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New Left Review 24, November-December 2003


What animal species does contemporary Brazil most resemble? The strange forms of a society that no longer enjoys the options of under-development, without acquiring the dynamics of globalized development, in the liveliest exploration to date of the possible meaning of Lula’s government.

FRANCISCO DE OLIVEIRA

THE DUCKBILLED PLATYPUS

The platypus sports an unbeatable combination for strangeness: first, an odd habitat with curiously adapted form to match; second, the real reason for its special place in zoological history—its enigmatic mélange of reptilian (or birdlike) with obvious mammalian characteristics. Ironically, the feature that first suggested pre-mammalian affinity—the ‘duckbill’ itself—supports no such meaning. The platypus’s muzzle is a purely mammalian adaptation to feeding in fresh waters, not a throwback to ancestral form.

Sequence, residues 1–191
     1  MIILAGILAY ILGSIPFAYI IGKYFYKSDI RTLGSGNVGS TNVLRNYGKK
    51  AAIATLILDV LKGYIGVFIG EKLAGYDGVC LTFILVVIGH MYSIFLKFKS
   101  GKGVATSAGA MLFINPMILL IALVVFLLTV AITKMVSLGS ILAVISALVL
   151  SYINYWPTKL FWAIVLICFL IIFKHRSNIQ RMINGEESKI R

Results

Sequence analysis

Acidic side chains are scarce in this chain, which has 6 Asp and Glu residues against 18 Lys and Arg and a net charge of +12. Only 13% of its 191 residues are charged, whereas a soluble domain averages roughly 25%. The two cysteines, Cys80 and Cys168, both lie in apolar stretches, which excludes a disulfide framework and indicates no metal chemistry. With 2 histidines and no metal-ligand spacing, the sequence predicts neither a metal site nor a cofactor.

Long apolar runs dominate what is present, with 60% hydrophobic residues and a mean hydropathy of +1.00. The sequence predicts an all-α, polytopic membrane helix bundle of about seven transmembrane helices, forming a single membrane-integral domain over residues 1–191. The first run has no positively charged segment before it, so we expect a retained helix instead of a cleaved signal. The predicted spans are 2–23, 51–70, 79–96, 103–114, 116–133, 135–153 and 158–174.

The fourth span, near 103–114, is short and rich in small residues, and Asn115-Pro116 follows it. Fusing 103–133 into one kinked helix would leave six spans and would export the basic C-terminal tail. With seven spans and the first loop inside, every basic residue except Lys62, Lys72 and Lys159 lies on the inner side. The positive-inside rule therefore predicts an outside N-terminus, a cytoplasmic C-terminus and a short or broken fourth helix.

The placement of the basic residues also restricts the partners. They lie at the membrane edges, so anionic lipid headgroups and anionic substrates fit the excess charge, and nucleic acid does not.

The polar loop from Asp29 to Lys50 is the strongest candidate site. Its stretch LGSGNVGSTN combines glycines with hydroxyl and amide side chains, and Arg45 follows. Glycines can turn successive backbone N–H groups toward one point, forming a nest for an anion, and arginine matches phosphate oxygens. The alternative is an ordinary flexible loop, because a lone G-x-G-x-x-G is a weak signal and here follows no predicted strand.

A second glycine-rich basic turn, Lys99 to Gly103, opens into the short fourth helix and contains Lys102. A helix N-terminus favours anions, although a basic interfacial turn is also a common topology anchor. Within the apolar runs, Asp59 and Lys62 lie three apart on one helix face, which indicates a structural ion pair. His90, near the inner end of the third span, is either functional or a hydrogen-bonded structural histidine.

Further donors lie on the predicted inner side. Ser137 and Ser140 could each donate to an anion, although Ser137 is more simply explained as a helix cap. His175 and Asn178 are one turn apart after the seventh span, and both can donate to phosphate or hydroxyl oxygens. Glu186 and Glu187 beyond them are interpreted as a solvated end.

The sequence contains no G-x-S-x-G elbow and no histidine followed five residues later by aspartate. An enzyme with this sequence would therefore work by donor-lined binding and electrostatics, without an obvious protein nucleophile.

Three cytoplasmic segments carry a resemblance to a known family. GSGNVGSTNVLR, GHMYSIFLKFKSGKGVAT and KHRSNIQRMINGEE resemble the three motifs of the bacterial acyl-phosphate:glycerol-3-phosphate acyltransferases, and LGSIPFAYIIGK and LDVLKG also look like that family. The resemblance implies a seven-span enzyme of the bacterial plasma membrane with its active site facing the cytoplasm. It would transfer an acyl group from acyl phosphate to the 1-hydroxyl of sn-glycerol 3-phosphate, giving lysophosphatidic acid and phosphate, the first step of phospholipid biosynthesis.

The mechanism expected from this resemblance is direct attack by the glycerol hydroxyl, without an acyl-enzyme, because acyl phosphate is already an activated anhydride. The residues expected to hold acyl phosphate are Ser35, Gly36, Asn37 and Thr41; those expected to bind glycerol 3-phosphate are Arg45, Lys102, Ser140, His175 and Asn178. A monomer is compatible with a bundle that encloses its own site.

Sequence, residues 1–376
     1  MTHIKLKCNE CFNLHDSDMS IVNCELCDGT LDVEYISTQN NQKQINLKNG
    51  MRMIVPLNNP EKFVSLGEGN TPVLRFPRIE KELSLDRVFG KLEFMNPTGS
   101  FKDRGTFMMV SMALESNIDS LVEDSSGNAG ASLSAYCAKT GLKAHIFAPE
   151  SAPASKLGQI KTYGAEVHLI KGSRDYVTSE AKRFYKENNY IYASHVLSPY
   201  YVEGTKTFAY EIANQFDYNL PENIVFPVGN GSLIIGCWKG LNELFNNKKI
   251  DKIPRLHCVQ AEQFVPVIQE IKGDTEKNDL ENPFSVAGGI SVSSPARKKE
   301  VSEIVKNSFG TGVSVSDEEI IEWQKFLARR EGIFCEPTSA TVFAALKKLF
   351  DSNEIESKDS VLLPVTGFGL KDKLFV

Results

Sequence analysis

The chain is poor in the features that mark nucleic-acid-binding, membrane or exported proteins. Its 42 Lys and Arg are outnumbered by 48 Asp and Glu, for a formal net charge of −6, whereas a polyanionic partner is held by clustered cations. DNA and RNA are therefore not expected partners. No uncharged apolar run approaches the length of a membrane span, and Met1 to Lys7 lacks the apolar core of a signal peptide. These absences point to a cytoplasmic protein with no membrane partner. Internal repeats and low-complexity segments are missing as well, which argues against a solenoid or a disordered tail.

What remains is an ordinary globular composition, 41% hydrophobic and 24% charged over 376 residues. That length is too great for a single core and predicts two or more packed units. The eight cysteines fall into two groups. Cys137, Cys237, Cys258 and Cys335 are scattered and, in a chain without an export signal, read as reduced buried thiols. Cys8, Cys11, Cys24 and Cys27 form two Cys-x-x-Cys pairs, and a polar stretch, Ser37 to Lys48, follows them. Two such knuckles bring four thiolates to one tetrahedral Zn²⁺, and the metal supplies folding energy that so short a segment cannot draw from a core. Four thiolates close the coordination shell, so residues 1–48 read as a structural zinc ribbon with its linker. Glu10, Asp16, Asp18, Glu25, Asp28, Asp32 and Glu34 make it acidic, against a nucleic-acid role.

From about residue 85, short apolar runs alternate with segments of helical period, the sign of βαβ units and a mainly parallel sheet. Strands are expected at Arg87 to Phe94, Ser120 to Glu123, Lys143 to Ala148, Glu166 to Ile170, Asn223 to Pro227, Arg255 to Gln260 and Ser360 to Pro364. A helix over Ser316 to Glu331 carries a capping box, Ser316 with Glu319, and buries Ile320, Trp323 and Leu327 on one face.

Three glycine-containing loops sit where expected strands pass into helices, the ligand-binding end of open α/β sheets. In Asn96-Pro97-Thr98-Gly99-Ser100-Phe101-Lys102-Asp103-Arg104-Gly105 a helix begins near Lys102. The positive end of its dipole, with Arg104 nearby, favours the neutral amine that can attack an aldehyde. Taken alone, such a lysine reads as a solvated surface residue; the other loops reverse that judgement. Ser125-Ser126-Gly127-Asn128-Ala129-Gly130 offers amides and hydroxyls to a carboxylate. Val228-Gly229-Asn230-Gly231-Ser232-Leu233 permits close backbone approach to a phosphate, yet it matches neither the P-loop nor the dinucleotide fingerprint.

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Francisco de Oliveira, ‘The Duckbilled Platypus’, NLR 24: £3
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